Ministerial Committee on European Union Affairs: UK citizens' right of residence in Finland secured by a special act
At its meeting on 25 January, the Ministerial Committee on European Union Affairs decided on the need to prepare a special act to continue UK citizens’ right of residence in Finland for a fixed term. The act is needed to prepare for the eventuality of a no-deal Brexit, where the UK withdraws from the EU without an agreement at the end of March.
The purpose of the special act is to make sure that UK citizens who are living in Finland and who have registered their right of residence as EU citizens may continue to stay and live in Finland on a temporary basis without any separate measures. Should a no-deal Brexit happen, an estimated 5,000 UK citizens already living in Finland would have to apply for a residence permit at a very short notice. For the special act to enter into force before the end of March, it must be enacted as soon as possible.
The European Commission recommends that Member States prepare for a no-deal Brexit and, as a temporary solution, allow UK citizens living in Member States to continue their right of residence. Many Member States are enacting temporary legislation to secure this objective.
The Ministerial Committee on European Union Affairs also outlined Finland's positions for the following Council configurations:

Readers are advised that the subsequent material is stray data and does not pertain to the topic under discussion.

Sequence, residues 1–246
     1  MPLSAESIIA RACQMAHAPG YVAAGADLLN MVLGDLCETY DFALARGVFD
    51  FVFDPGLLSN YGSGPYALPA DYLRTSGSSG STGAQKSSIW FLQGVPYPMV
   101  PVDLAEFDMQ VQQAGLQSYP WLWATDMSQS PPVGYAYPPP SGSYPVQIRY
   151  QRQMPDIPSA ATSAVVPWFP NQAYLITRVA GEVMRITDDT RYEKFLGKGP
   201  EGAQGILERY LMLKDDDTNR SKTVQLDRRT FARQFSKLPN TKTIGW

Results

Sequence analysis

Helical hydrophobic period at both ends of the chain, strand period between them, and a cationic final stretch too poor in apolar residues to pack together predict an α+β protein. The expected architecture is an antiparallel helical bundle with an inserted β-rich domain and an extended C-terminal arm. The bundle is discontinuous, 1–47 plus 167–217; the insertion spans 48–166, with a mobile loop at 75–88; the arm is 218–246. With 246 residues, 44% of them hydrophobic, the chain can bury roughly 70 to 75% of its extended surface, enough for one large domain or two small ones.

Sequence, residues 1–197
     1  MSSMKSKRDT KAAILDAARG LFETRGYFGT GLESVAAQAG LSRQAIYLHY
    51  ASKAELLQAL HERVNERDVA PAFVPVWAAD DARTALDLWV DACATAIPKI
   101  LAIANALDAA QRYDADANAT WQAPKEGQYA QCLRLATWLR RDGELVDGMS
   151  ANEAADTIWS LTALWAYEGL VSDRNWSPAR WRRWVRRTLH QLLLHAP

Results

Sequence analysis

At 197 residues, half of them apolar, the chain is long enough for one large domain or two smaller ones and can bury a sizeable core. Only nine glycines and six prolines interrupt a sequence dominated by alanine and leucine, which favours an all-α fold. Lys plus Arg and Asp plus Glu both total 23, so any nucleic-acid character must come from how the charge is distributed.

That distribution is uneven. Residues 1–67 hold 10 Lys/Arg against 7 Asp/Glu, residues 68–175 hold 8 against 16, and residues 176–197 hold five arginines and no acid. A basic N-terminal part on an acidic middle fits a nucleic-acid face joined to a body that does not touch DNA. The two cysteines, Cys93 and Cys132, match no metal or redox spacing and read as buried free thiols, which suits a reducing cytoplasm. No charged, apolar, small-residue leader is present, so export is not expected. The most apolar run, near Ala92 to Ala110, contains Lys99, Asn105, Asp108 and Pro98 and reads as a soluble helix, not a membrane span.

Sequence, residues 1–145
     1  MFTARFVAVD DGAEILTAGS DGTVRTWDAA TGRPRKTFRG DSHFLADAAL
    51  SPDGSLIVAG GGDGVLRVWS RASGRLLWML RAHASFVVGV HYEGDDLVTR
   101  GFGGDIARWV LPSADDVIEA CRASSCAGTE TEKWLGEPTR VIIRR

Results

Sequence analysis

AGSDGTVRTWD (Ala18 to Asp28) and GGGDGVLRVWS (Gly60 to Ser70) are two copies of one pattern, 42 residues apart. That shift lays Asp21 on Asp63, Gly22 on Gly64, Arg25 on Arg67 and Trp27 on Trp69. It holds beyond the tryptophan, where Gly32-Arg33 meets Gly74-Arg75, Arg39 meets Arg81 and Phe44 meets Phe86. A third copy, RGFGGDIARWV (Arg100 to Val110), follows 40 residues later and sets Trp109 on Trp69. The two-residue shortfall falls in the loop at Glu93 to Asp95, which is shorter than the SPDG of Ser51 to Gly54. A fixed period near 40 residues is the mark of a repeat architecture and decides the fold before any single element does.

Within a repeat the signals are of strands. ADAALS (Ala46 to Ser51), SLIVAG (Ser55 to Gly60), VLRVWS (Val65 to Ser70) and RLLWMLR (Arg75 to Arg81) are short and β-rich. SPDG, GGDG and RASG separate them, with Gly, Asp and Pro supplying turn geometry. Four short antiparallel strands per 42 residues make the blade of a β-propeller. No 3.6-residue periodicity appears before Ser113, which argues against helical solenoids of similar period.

- Agriculture and Fisheries Council (28 January)
- Informal Defence Ministers’ meeting (30–31 January)
- Informal Foreign Ministers’ meeting (Gymnich) 31 January–1 February
On the agenda of the Agriculture and Fisheries Council is the reform of the common agricultural policy, which is linked to the negotiations on the Multiannual Financial Framework of the EU.
The topics to be discussed at the informal Defence Ministers’ meeting include the Global Strategy of the EU's Foreign and Security Policy, interlinkages of the defence initiatives of the EU, and impact of technology innovations on the armed forces. Finland considers it important that the defence initiatives constitute a coherent whole. If the EU wants to be an active player in the defence sector, it must develop its activities together with its partners and keep up with the technological advancement, and be capable of responding to international competition
The topics on the agenda of the Informal Foreign Ministers’ meeting are eastern partnership, situation in Syria, and the state of the EU-China relations and how these could be developed. In the EU-China relations a more strategic approach would be needed e.g. with regard to trade relations.
Inquiries: Kare Halonen, State Secretary for EU Affairs, tel. +358 295 160 319, Niina Nurkkala, Special Adviser (EU Affairs), tel. +358 50 347 2661, and Anne Sjöholm, Head of Communications for EU Affairs, tel. +358 40 537 0733, Prime Minister’s Office